, and all of them seem good.
First, White Sox general manager
acquired the most important element in the game for a backup infielder and overmatched pitching prospect.
Second, Liriano has overcome a couple rough months to post a 3.69 ERA and record 79 strikeouts in his last 11 starts. He might never return to that dominating rookie form, but he can shut down teams for extended periods, then look bad for extended periods. He went from being Johan Sanata junior to a left-handed
Third, it eases the absence of
, who might spend September recovering from surgery while his teammates fight for a playoff spot.
But the best reason to like the acquisition is that it appears to be a more productive handling of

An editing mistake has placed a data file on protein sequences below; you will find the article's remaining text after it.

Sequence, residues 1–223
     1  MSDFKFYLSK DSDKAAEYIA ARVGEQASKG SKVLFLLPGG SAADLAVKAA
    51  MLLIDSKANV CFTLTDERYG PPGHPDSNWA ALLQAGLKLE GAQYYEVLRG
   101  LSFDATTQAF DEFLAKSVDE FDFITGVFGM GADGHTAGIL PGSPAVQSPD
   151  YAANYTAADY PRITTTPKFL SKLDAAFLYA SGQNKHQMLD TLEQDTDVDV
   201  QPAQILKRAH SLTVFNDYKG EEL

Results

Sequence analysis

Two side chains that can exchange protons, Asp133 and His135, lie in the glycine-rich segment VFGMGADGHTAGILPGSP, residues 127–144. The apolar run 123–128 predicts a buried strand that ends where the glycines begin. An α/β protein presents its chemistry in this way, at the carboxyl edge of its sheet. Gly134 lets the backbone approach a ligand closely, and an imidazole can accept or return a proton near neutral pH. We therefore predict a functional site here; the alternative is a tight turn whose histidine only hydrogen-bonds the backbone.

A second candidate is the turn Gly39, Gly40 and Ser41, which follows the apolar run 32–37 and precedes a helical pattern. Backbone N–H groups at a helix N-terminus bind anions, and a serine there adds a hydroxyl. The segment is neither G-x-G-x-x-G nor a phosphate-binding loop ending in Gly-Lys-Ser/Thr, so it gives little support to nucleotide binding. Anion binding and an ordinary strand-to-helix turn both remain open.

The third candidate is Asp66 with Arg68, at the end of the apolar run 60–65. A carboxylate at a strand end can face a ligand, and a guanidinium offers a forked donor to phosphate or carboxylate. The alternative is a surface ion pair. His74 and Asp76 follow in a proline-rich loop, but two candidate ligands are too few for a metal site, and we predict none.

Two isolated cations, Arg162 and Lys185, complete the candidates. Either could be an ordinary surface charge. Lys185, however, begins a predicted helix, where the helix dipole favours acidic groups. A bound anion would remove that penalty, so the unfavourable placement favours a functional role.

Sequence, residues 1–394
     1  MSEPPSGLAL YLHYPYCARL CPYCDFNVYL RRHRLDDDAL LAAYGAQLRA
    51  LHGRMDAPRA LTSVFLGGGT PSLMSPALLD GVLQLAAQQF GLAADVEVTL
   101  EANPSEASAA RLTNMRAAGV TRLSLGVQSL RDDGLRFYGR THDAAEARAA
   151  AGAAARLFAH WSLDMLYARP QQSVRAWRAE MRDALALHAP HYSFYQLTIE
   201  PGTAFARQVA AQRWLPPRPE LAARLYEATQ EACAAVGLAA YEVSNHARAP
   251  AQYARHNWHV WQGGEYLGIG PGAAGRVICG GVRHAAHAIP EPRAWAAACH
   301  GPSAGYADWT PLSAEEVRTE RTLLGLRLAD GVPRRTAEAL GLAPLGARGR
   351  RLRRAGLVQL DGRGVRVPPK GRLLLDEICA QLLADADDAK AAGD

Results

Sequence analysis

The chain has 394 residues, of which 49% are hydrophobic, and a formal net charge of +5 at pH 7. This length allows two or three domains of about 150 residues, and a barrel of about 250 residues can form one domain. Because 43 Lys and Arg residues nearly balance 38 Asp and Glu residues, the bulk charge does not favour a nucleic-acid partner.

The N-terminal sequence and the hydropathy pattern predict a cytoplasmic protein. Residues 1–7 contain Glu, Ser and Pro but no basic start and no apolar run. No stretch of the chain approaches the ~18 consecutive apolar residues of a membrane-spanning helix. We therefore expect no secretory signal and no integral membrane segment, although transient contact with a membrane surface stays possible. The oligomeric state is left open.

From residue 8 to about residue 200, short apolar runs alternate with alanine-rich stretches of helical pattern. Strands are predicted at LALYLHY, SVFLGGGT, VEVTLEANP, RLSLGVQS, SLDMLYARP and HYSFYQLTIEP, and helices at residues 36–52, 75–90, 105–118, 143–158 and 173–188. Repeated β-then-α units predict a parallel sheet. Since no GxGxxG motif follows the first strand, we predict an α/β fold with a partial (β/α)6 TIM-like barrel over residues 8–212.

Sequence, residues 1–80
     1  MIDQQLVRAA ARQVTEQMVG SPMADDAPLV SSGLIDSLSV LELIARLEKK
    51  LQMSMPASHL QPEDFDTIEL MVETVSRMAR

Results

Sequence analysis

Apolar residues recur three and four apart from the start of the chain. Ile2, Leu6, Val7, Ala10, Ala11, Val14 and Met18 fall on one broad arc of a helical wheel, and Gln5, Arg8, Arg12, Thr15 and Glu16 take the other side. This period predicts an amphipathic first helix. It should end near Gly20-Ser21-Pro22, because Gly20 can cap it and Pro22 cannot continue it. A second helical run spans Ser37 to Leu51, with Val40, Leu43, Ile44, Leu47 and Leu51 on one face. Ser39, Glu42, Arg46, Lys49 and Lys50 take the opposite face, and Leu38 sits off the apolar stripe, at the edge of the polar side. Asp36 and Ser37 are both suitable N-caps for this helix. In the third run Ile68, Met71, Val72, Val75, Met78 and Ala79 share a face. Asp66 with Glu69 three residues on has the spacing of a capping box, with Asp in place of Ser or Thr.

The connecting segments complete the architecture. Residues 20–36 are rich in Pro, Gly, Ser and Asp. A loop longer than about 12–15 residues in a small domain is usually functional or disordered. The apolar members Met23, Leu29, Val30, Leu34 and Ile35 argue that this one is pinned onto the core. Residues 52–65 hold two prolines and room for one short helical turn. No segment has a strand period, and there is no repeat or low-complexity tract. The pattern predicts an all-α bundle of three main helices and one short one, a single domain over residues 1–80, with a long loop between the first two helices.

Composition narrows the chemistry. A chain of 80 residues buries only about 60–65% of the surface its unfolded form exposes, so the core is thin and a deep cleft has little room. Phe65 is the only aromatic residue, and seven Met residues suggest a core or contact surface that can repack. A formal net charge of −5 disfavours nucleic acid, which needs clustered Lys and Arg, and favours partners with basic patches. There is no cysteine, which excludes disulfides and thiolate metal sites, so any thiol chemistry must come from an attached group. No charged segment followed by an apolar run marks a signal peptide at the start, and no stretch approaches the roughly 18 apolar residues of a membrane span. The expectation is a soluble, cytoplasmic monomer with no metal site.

The Nationals planned to shut down their young ace at 160 innings, which will come in August and seemingly leave them scrambling in September as they try to clinch a playoff berth. Washington could alleviate the absence of Strasburg with a trade, but there are few starters available who could replace a guy who would be in the
conversation if he didn’t have a curfew.
The Sox never voiced such a plan with Sale, but he’s at 124 innings, which is 53 more than last season and almost 34 more than his previous major league seasons combined. Sale’s recent drop in velocity screams for some kind of break.
pushing back Sale, as well as
. Liriano also gives the Sox the chance to use a six-man-rotation or
to limit him in August and ideally allow him to pitch with renewed freshness in the more critical month of September.
If you’re comparing the care and feeding of young aces on the Sox and Nationals, then setting up your best pitcher to take the ball in the most important month of the regular season is smarter.